Kevin Spacey's reign at the Old Vic has swung wildly between scintillating hits and complete turkeys; this production, which I saw in preview, is a gold-plated hit. It's a bold choice of play which without Trevor Nunn as director might have misfired, but every element works beautifully and Spacey himself gives a performance to treasure. (Readers of this blog with short attention spans who want to go back to Twittering can leave at this point)
There's something hugely entertaining about going to see a courtroom drama and passing newspaper billboards on the way to the theatre announcing that the attorney-general Lady Scotland turns out to have broken the law, has paid a £5000 fine for employing an illegal immigrant as her cleaner and still refuses to resign. You really couldn't make it up. The law sometimes seems to be there not to keep us in order but merely to entertain; real life trials are almost always better than the ones that playwrights invent. But this American courtroom drama, written in the mid-1950s by Jerome Lawrence and Robert E. Lee, was based quite closely on a real story -- the trial in Tennessee in 1924 of a schoolteacher for teaching evolution. What became known as the 'monkey trial' of John Scopes became a three-ring circus long before O.J. Simpson and Michael Jackson; photographs from inside the courtroom brought it to a national audience and it was even broadcast on live radio. This play became a famous film in 1960 starring Spencer Tracy as defence lawyer Henry Drummond (based on Clarence Darrow) but had only a short stage production in London before being forgotten on this side of the Atlantic. Great credit to Trevor Nunn and Kevin Spacey for taking the risk of reviving it for this year's Darwin anniversary. Unlike most things from the Eisenhower era, it comes up smelling fresh as a daisy. It's well-constructed, well-designed in an old-fashioned way and rolls along the freeway like a vintage 1955 chromium-plated Cadillac, showing no signs of rust. The authors understood that the Scopes trial wasn't just about the rival truths of science and religion but about the right to free thought and the conflict between small-town American values and the wider world. The probable reason this play hasn't been revived before is that it demands a huge cast of around 30 and another 20 or so non-speaking extras. That rules it out for almost anyone except the National Theatre, but somehow Spacey's Old Vic has cajoled enough money out of sponsors and donors to make it possible.
Trevor Nunn has no equals as a director when it comes to moving around a big cast on a big stage; there's just nobody else who can use a large ensemble the way he can. The stage at the Old Vic isn't all that wide but it's very deep, and I think this is a play where the view from the stalls is probably not as good as from higher up. I saw the play from the grand circle but a friend who was down below said there was 'too much going on'. The original 'monkey trial' pitted Clarence Darrow against William Jennings Bryan as prosecutor. Bryan was a three-times presidential candidate for the Democrats and one of the most admired men in America -- not just a reactionary bigot but a progressive on many issues. In the play he is thinly disguised as Matthew Harrison Brady. David Troughton plays Brady as something of a buffoon, which jars with the fact that his opposite number Drummond clearly respects him and happily acknowledges that he once supported him for president. That aside, Troughton is excellent. Spacey, however, is breathtakingly good as Drummond. When this grey-haired man in his mid-sixties first slouches on stage, round-shouldered and with a slight stoop, it's hard to believe this is the same protean actor who hopped around the Old Vic a couple of years ago as a youthful Richard II. I had to get my binoculars out to make sure that the man in the grey wig really was Spacey. But it was. Using sardonic humour to puncture Brady's pomposity, Drummond loses the case but wins the argument. At the end he picks up the Bible and the Origin of Species, weighs one in each hand and seems to find them equal, making the point that religious belief and scientific fact aren't mutually exclusive. There are several other standout performances, including Sonya Cassidy as the defendant's girlfriend Rachel Brown and Mark Dexter as the sharp-tongued journalist from Baltimore E K Hornbeck (based on H L Mencken), who makes the most of the play's best lines. 'I may be rancid butter, but I'm on your side of the bread,' Hornbeck says to Rachel Brown.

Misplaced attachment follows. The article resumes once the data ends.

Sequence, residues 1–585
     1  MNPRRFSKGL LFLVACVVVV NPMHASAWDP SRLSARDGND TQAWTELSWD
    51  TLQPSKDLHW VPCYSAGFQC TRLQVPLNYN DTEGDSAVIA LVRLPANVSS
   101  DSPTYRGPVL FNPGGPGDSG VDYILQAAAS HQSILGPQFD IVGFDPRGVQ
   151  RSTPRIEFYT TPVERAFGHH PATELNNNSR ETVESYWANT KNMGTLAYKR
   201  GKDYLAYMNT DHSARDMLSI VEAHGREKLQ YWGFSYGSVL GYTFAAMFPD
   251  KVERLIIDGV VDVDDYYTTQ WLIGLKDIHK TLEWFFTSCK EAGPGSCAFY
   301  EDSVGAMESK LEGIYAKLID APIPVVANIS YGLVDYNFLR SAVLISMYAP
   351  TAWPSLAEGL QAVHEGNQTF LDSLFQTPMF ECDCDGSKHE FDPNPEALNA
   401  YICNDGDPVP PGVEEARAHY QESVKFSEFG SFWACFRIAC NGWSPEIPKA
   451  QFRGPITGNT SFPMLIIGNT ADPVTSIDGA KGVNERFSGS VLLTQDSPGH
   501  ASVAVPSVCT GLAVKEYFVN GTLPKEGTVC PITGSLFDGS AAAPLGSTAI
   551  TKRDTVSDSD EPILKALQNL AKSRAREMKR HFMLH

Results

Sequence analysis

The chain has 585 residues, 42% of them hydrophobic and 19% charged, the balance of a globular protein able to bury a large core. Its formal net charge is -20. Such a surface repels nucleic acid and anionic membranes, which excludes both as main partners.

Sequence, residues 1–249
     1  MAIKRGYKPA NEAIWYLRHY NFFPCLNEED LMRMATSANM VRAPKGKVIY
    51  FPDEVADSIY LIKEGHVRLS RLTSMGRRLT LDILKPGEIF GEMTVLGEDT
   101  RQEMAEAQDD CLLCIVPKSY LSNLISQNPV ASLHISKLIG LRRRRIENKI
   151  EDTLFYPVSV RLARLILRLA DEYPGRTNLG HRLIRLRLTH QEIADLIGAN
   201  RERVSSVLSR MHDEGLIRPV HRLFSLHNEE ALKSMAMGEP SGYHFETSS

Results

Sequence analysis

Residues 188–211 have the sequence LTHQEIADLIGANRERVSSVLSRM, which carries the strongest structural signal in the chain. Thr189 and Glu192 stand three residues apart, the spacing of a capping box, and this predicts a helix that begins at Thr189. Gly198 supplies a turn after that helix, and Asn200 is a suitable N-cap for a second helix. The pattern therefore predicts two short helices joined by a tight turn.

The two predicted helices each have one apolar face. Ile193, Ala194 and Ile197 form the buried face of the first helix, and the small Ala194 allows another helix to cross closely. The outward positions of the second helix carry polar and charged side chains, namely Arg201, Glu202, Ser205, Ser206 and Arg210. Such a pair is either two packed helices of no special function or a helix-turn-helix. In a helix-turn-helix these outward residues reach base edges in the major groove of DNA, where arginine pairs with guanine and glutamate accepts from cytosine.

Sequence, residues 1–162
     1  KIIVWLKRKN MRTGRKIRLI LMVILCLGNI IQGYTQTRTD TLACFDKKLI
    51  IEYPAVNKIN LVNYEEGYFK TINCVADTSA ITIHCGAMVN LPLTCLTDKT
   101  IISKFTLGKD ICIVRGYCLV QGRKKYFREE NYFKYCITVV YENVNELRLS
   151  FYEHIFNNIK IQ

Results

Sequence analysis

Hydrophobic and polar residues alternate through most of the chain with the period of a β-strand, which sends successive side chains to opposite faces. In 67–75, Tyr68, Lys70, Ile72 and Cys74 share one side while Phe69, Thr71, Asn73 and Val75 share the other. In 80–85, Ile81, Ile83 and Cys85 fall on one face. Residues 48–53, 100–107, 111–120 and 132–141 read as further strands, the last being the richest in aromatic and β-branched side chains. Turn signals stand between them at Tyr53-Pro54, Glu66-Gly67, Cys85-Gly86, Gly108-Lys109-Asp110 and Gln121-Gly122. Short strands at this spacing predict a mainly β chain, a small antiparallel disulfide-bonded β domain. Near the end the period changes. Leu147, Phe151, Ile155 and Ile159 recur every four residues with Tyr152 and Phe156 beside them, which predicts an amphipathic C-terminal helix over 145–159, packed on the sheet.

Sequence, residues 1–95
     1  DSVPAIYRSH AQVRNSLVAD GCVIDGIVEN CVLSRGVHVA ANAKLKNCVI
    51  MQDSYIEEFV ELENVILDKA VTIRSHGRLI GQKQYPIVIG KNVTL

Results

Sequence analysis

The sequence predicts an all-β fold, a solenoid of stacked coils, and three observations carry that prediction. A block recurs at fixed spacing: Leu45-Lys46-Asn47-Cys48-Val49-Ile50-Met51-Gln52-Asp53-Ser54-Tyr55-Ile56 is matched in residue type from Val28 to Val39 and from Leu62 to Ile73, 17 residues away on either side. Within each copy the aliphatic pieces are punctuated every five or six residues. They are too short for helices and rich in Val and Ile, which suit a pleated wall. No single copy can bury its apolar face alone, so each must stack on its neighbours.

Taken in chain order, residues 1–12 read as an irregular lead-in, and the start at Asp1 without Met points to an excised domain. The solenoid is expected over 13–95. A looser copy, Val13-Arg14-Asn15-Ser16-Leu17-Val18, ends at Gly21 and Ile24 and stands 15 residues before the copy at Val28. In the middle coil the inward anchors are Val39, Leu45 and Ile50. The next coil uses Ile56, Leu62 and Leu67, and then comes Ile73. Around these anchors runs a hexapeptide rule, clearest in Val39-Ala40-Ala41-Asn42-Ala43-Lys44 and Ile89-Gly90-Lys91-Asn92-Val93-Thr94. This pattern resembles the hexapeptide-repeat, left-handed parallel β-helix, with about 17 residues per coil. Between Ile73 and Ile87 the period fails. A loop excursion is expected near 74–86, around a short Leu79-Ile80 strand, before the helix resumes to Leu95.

It was a fairly warm autumn evening in the grand circle at the Old Vic but as in the original trial, the actors convincingly struggled with 100F heat on stage; it felt hot just looking at them sweltering in the makeshift courtroom, which is another way of saying Trevor Nunn, his designer Rob Howell and the rest of the production team have got everything just right. Even the monkey who appears in the street scenes outside the courthouse plays his part to perfection. Preview-schmeview. Now he's got this production into tip-top shape, perhaps Trevor Nunn might like to stroll up Waterloo Road to the National and give Deborah Warner a hand with her apparently very troubled production of Mother Courage?